Bioenergy plan in works
Biofuels, criticized by some as contributing to worldwide food shortages by diverting crops from grocery stores, are getting a closer look in Hawaii as the state continues searching for ways to curb its reliance on imported oil.
The Department of Business, Economic Development and Tourism held its first public meeting yesterday toward developing a statewide bioenergy master plan.
"I hope we get a comprehensive, collaborative plan regarding bioenergy -- the sources of the energy, the usage of the energy and the integration of the energy into our electricity and transportation fuel systems," Gov. Linda Lingle said after addressing the meeting of about 200 people in the Capitol auditorium.
Changing the state's energy demand has been a focus of the governor and the Legislature as they look for ways to reduce the state's need for imported fossil fuels, such as crude oil, coal and natural gas.
To achieve that goal, the state has tried to spur development in renewable energy sources, such as wind, wave, solar, geothermal, wave energy and agriculture-based fuels.
Bioenergy refers to the conversion of biomass -- trees, grasses, algae, ocean plants, agricultural and food processing wastes, manure and garbage -- to fuel.
One of the most common biofuels is ethanol, an alcohol-based fuel made from feedstocks such as corn, sugar and soybeans. Hawaii requires that virtually all gasoline sold here contain 10 percent ethanol, while other states are pushing a fuel consisting of 85 percent ethanol.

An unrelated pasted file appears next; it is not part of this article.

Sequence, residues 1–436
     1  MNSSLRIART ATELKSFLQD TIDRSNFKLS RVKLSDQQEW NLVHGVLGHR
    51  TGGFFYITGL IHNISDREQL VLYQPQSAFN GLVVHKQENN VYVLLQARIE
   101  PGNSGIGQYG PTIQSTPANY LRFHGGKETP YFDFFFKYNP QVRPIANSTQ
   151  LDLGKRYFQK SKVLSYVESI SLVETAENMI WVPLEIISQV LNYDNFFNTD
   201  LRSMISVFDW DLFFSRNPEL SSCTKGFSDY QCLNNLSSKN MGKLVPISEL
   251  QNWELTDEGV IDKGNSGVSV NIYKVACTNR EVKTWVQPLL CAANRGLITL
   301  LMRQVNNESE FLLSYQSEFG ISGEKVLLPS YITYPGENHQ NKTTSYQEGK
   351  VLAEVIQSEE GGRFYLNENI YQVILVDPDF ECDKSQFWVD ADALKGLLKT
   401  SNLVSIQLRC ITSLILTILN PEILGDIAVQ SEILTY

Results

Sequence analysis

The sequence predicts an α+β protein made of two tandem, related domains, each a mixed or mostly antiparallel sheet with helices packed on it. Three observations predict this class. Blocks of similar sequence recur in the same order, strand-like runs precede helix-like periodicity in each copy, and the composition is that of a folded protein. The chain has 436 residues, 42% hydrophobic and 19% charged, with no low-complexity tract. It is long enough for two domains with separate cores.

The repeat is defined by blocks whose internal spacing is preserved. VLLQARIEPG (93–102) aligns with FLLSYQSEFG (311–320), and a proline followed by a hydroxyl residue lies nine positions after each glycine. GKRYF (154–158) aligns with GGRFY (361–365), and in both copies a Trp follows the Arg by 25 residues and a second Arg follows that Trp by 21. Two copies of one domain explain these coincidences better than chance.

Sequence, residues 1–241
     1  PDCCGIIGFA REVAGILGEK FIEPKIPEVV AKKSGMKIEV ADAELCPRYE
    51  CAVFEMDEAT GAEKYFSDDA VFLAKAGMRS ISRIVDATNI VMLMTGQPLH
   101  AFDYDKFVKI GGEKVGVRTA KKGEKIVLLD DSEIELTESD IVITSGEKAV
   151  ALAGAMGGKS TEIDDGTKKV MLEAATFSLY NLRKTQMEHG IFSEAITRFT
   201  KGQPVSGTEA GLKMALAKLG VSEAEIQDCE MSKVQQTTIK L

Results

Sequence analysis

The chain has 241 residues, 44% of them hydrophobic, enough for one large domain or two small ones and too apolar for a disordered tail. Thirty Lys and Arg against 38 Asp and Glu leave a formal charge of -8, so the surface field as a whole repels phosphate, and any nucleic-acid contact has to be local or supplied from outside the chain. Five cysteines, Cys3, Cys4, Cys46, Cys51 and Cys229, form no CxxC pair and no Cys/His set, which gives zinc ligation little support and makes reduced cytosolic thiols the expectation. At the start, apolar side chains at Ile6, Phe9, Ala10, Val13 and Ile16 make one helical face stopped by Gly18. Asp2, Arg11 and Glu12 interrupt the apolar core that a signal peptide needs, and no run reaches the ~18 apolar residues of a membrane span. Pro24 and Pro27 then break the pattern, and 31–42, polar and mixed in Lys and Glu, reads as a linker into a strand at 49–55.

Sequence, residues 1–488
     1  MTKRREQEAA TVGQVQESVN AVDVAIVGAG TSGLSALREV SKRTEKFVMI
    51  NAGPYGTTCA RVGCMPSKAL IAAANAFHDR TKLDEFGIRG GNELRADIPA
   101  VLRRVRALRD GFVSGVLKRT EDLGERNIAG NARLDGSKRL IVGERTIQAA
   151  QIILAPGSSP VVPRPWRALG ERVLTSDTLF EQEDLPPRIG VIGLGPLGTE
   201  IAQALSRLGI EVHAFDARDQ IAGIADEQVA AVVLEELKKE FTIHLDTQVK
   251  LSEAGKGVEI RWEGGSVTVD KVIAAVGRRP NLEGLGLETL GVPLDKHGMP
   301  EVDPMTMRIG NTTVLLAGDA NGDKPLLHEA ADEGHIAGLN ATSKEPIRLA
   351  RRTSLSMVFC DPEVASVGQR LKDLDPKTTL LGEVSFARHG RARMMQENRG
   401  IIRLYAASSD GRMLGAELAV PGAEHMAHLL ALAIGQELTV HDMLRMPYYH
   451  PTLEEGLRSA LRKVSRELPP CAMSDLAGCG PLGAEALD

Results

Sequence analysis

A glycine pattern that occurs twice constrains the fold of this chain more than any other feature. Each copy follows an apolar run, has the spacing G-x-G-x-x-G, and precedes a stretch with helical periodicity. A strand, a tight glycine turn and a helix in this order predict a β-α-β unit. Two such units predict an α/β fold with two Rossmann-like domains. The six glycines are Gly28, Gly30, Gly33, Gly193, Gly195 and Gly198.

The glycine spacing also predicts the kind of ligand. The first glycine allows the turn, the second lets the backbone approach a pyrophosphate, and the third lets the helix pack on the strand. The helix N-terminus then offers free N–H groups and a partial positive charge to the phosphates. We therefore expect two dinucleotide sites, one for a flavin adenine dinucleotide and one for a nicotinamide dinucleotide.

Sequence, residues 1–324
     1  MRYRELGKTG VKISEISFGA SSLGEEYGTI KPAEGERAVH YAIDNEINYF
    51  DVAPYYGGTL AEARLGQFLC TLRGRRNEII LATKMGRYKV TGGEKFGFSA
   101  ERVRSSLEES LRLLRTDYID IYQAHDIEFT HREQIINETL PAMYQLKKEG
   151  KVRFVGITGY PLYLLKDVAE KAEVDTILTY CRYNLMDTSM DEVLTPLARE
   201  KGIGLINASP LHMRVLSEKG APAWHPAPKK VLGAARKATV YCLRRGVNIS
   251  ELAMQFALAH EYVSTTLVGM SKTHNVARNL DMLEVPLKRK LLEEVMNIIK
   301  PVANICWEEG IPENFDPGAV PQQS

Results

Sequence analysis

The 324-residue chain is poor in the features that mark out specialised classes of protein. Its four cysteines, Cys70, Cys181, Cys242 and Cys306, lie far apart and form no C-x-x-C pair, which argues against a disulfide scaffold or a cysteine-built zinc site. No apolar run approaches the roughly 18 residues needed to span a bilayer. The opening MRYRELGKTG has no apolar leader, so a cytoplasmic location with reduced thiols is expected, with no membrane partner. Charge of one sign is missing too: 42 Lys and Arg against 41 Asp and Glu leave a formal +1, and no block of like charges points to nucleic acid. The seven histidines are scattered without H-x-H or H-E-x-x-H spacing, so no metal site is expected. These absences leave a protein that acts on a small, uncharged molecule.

Critics blame soaring prices and worldwide shortages of food commodities on the push toward biofuels, mostly ethanol, driven by huge government subsidies.
Rep. Hermina Morita, House Energy Committee chairwoman, said the public meetings on the state's master plan aim to address those types of issues. "We don't want it to be food versus energy crops," said Morita (D, Hanalei-Kapaa). "We need to do both, but how do we do it in a balanced way?"
Yesterday's public meeting was aimed at identifying the opportunities and challenges that need to be addressed in developing a bioenergy master plan.
Lingle kicked off the event by signing legislation aimed at making it easier for biofuel producers to lease public lands for growing the crops needed to make fuel.
The law allows biofuel producers to enter direct negotiations to lease public, agriculturally zoned land where they may grow crops or raise livestock, and transport the biomass material to a processing plant in an industrial or commercial zone. Previously, the production facility had to be at the same location as the fuel source.
Lingle urged the group to work quickly on the master plan, citing the ongoing rise in crude oil and gasoline costs, which drive up the cost of government.
"It drives up the cost of everything, and eventually that cost ends up in the same place: in the lap of taxpayers," she added.